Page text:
I was also spoiled by the music scene in California and the sheer frequency and ease with which I could go see artists I like. When will I get to bring a blanket and a bottle of wine up a hill with a group of friends to see Twenty One Pilots, Ed Sheeran, and Radiohead again? Having said that, I'm nevertheless enjoying my exposure to Thai music now. Many of the local bars here have live bands that perform on most nights. One thing I've noticed is that the crowd here is much more into singing along than back in SF, giving bars a mini concert atmosphere which is really great. I also went to my first Thai music festival last month in Khao Yai. A good meal was 40 THB and a litre of whiskey soda was 300 THB (around $1.5 and $10 respectively)! Though an unfair comparison, I couldn't help but think back to the $11 fries and $14 glasses of mixed drinks at Coachella. 

That iPhone 10 camera...

That iPhone 10 camera...

One thing I was anxious about was the accessibility of the vinyl record market in Thailand. Back in the US, I would make trips to dig crates in flea markets and record stores in SF and the East Bay every weekend. I made an ambitious wishlist on Discogs that grew faster than the rate at which records were being checked off. Fortunately, Fortune Town in Rama 9 has an entire floor of audiophile shops and record stores with a wide selection of jazz, rock, and oldies music. In fact, record collectors scene here seems quite active. There was a Seasons of Sound music festival in early October and I found some albums that I had been digging for for a while. The selection here contains significantly more Japanese pressings than that in the States, while hip-hop and European dance/house records are harder to come by. With everything that has been going on I haven't had the chance to visit other recommended stores outside Fortune Town yet, that will change soon!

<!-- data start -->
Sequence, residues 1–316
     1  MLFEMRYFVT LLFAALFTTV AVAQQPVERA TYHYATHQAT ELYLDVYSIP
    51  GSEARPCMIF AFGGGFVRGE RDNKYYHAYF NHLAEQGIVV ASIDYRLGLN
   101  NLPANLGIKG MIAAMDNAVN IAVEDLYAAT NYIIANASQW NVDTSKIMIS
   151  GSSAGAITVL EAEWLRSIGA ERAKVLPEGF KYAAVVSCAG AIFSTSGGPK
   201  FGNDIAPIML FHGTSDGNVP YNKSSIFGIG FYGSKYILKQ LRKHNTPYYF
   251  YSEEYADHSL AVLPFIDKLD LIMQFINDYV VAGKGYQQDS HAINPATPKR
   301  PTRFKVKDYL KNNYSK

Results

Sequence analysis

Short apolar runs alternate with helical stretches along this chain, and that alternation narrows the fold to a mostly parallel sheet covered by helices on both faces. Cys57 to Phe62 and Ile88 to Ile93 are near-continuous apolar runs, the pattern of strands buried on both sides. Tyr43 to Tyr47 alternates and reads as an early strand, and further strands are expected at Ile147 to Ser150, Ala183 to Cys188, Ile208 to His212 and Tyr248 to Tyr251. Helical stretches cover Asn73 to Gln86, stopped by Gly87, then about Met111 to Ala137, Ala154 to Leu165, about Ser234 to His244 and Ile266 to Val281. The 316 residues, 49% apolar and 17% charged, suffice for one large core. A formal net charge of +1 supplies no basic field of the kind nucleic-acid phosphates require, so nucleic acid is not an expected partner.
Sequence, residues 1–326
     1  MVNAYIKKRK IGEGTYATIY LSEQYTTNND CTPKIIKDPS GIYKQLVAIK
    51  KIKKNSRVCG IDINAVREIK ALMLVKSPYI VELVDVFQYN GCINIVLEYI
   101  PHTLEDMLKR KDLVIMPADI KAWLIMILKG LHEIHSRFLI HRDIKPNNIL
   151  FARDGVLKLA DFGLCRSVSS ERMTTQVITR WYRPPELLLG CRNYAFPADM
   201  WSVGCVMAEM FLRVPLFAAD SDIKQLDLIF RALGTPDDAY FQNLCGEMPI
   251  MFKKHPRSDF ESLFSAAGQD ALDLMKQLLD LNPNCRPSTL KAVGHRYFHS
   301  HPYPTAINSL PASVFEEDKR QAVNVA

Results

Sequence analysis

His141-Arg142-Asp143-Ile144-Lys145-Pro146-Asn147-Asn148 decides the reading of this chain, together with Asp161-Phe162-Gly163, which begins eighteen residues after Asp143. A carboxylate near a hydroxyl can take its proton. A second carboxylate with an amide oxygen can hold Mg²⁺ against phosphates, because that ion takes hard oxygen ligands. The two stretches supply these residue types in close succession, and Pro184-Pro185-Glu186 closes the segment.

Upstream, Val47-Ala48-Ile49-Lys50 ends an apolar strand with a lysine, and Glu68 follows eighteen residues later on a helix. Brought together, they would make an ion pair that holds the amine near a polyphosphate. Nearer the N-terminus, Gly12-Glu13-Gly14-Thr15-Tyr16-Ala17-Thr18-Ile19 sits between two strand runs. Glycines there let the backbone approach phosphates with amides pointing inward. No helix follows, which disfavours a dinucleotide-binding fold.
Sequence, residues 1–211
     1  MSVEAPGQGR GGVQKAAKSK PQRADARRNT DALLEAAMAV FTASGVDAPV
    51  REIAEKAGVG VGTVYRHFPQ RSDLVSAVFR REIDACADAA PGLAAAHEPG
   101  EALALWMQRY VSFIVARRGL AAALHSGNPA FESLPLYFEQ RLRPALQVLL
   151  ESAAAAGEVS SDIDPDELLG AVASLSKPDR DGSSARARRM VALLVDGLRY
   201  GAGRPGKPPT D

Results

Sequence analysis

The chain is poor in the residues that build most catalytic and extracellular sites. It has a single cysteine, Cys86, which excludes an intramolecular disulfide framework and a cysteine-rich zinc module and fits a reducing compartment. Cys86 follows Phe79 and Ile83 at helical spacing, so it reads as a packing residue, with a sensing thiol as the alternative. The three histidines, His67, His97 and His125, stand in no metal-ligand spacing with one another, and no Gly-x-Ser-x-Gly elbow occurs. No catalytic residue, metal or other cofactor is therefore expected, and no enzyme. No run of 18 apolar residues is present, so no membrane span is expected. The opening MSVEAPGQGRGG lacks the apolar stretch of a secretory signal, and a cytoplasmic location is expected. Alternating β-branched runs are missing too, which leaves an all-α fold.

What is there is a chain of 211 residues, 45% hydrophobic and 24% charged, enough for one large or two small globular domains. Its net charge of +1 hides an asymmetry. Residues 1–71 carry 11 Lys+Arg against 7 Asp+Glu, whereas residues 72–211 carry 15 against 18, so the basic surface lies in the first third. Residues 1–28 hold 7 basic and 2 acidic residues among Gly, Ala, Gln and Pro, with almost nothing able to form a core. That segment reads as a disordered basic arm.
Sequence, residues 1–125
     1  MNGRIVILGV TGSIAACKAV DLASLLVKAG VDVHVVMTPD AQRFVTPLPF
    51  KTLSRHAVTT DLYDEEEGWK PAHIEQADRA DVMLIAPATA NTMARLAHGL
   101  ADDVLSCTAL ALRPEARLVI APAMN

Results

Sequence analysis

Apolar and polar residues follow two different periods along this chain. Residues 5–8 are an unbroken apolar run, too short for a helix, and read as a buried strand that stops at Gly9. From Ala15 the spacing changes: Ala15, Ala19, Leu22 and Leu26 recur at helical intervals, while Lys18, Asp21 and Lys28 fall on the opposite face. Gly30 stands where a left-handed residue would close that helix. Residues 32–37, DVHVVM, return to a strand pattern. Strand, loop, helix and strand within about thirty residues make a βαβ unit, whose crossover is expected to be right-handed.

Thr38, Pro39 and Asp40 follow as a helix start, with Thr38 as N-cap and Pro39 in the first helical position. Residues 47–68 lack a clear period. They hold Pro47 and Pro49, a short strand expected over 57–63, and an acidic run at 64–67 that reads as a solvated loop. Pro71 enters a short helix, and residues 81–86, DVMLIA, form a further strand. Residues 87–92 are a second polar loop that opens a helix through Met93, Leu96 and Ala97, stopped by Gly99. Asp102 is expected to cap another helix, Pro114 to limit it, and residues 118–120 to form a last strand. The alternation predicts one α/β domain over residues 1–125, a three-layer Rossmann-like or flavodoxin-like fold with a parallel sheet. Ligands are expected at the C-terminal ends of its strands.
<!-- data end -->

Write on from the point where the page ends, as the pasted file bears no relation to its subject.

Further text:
My first scores in Bangkok, from the Seasons of Sounds festival at Fortune Town - that Moody Blues!

My first scores in Bangkok, from the Seasons of Sounds festival at Fortune Town - that Moody Blues!

Thanks to sheer coincidence I was able to find a place in which I could grow my career in Bangkok rather quickly, despite the fact that my momentum in SF was literally halted by a computerized lottery pick. Bangkok is ThoughtWorks' youngest office (out of 40+ worldwide), with some exciting plans for the year ahead. As an Operations Associate I have been involved in recruiting, admin, people operations, and marketing... a role with wider scope and more autonomy than anything I've done previously. The talented team, coupled with a culture that fosters knowledge sharing outside of day-to-day work is awesome - I got to do a presentation on Ethereum!! Despite having learned a lot over the past few months, there is plenty of room to grow and thankfully, freedom to do so in ways that works best. We organized our first event for Quality Analysts in October, went to the Agile Tour, and held an interactive puzzle at our Code Mania booth that sparked many conversations. It's been interesting to see the contrast between the developer community in SF and in Thailand from a recruiter's perspective. I'll save my thoughts on that for another post.

The first and only picture of me at the office.

The first and only picture of me at the office.

year of the dog

I don't have bullet pointed New Years Resolutions per se, but rather some overarching goals and a board of smaller tasks that contribute to them (using a free account on https://kanbantool.com/). Admittedly with the transition, my time management and priorities over the past few months have been less than optimal and even counterproductive at times. The remedy to this was to lay everything out on the table, step back, and identify where there is bullshit that needs pruning. It's hard to believe we're already almost a month in to 2018 but I am looking forward to seeing what this year has in store in terms of new challenges, successes, failures, relationships, adventures, and the never-ending effort to make sense of all of it. Cheers 🐕